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Peer learning strategies for grad student success

Lessons learned from Concordia University’s Graduate Professional Skills program.


From its inception in 2011, Concordia University’s Graduate Professional Skills (GPS) program has been serious about practicing what it preaches. GPS’s mission is to provide all Concordia graduate students with opportunities to acquire a wide range of competencies that help ensure a smooth transition to the world of work. What better way to achieve this than by involving graduate students themselves in the development and delivery of the program’s services?

Each year, a new team of approximately 15 graduate students is hired to carry out the development and facilitation of learning activities, the expansion of our social media presence, and the administration and promotion of our program. The GPS staff has always strongly believed – and still believe – that by providing employment to graduate students, we are giving them the chance to work in a professional environment where they can develop important transferrable skills. Although our student employees learn from our coaching and feedback, we are well aware that a large part of their professional development is happening through peer learning, and we deliberately design our activities to leverage these reciprocal learning opportunities.

GPS employs a variety of peer learning strategies. One formal strategy we use is peer teaching. Graduate students are employed to develop and revise learning material and facilitate workshops, drawing on their own experience and knowledge. As such, workshop participants are learning from their peer workshop leaders. Being in a similar situation and sharing the same status as their fellow workshop leader, it is easy for participants to relate to the facilitator and even be inspired by them. Without the hierarchical imbalance and the evaluative component of conventional classrooms, learning becomes a less intimidating experience for all. Most importantly, it becomes possible for participants and the facilitators to develop a sense of community and collegiality, aiding in even greater student success and learning.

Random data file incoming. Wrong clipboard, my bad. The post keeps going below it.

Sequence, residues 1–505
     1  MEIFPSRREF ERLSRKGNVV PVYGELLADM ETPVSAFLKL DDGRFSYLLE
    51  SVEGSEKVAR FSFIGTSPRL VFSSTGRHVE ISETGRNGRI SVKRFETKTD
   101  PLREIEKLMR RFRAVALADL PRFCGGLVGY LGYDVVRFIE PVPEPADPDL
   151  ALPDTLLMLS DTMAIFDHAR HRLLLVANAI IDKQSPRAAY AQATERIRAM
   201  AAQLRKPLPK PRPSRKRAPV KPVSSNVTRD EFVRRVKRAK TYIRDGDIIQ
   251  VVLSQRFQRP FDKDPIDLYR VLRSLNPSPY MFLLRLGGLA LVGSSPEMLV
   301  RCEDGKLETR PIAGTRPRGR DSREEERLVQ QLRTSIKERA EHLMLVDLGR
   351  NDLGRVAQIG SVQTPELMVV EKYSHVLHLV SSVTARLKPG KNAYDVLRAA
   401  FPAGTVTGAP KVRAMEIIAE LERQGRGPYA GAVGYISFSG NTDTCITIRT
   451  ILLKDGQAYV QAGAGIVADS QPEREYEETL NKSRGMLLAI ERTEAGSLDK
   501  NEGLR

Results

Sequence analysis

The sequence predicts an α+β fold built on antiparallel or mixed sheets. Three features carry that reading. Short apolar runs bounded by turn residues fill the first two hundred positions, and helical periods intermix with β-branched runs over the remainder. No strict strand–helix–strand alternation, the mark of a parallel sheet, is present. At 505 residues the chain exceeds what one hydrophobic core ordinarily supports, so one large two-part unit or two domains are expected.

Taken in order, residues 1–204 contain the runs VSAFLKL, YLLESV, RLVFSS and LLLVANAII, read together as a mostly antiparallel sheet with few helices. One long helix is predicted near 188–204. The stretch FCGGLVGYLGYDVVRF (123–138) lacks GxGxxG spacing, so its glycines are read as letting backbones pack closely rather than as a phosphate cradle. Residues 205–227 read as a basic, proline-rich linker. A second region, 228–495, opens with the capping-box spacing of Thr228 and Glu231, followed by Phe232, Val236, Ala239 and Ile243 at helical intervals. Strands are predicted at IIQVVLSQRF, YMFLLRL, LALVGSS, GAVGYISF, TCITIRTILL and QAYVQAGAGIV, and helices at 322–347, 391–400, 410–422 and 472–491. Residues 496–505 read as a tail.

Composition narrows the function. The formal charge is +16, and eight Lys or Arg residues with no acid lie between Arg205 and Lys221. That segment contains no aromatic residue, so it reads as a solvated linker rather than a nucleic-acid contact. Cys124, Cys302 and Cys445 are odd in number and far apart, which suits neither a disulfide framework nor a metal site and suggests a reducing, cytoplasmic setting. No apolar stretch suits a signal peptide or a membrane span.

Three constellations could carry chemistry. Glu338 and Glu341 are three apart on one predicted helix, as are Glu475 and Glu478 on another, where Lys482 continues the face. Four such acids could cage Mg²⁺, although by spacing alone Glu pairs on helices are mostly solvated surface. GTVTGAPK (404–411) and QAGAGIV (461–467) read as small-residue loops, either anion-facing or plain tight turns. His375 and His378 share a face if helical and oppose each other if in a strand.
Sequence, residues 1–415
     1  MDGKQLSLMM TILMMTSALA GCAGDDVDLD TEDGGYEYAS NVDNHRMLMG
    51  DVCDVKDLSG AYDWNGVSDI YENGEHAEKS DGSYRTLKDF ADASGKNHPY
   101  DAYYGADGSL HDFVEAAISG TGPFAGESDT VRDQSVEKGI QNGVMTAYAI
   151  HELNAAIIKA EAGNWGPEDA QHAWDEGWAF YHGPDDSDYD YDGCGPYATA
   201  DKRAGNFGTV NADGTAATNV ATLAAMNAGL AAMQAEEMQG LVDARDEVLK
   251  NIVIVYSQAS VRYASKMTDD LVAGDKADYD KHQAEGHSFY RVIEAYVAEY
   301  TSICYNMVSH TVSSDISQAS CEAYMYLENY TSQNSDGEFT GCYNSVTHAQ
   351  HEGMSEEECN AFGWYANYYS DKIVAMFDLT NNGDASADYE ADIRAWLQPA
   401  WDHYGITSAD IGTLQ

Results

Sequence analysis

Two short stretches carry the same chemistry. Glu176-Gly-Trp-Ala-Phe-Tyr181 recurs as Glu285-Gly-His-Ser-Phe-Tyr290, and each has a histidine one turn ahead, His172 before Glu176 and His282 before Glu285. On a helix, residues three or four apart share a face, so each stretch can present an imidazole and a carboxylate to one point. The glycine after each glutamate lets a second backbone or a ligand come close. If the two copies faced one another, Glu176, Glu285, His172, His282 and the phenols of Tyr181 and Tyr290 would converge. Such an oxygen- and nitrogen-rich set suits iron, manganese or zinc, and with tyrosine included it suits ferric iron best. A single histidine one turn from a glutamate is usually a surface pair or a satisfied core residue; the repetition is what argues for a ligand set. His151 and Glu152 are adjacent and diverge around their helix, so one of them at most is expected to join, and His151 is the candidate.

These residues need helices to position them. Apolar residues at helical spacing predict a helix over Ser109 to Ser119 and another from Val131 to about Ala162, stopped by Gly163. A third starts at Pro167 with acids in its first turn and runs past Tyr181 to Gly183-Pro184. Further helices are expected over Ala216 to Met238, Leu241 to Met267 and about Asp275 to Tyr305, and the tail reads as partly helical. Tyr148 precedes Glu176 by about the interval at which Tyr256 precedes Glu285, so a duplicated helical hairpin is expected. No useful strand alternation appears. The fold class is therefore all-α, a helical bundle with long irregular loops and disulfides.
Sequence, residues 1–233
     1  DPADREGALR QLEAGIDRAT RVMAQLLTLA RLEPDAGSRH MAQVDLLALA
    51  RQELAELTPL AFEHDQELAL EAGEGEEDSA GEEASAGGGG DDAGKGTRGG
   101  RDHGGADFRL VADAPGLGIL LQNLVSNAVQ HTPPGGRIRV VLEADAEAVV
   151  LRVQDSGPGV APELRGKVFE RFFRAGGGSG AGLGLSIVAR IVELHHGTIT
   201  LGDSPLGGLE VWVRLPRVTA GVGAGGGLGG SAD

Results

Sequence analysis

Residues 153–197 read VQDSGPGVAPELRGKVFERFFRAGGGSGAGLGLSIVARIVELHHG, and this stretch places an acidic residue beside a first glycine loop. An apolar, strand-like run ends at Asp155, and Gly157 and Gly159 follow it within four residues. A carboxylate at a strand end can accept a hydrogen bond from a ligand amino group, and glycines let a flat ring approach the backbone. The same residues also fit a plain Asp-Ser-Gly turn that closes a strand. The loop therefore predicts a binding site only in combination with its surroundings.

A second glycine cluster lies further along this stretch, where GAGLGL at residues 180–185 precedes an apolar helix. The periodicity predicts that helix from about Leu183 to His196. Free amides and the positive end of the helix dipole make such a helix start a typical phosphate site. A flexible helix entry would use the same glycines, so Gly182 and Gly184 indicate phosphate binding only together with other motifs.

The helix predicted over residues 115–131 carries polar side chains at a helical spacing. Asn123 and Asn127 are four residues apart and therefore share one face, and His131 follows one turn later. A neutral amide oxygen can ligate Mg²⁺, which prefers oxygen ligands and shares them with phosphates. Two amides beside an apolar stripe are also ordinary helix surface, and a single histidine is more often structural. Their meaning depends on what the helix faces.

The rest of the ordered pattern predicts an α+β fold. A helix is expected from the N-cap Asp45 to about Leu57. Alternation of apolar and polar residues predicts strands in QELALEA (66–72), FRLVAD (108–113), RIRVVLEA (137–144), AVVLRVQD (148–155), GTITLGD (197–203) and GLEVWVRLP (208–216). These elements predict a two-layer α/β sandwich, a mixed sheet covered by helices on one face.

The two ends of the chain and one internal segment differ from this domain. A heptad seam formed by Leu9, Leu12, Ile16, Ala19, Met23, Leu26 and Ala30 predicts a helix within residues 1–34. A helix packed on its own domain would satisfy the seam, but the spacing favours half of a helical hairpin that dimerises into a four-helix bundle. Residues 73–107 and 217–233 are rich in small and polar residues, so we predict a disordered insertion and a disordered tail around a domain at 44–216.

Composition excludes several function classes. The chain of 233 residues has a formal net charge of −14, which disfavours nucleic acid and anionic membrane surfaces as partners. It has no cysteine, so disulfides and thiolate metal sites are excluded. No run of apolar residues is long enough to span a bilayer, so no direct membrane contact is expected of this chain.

Student participants are not the only ones learning through peer-led workshops; the student-facilitators are also benefiting. As with any peer-learning strategy, the learning is a two-way street. By leveraging the subject matter expertise that exists in this mature population, GPS allows student facilitators to develop confidence in their expertise and growing skill base. The facilitators learn from their peer participants by being part of a learning community, communicating and articulating their knowledge, and developing critical reflection skills by helping their peers learn. Workshop leaders examine their graduate school experience in more depth, and then share their thoughts with their peers.

A second peer learning strategy that GPS uses is reciprocal peer learning – learning among peers within the same activity or workshop. Various communication workshops and structured learning activities focused, for example, on peer review techniques, oral presentation skills, and thesis writing skills. Participants are mutually giving and receiving feedback, and providing each other with encouragement and challenges. Once again, a learning community is created, affording students the opportunity to offer mutual support by reflecting on their struggles and knowledge when offering observations from their own area of expertise.

Lastly, another strategy GPS uses is a formalized approach to peer learning embedded in our work-practices. From the beginning of their mandate, all new student hires are trained and hired by the exiting cohort of students. New hires shadow workshops facilitated by the outgoing team, attend end-of-year meetings to discuss successes and areas to improve, and review existing learning material with their outgoing peers. When developing or revising material for learning activities, and when practicing workshop presentation skills, the newly-hired employees are asked to work together so as to benefit from each other’s expertise. In this manner, GPS’s work practices offer the opportunity to graduate student hires to learn from their colleagues and peers.

From our observations working with students and the feedback we receive from them, we conclude that students leave their positions at GPS not only with valuable experience to add to their CVs, but also with enhanced skills, a better understanding of their strengths, and deepened self-esteem. We continue to balance formal and informal strategies of peer learning with the hope that all types of strategies will induce more informal peer learning beyond GPS activities and add positively to the university learning ecology.

Frédérica Martin is manager of academic programs and development at Concordia University. Kristy Clarke is coordinator of the graduate and professional skills program at Concordia.
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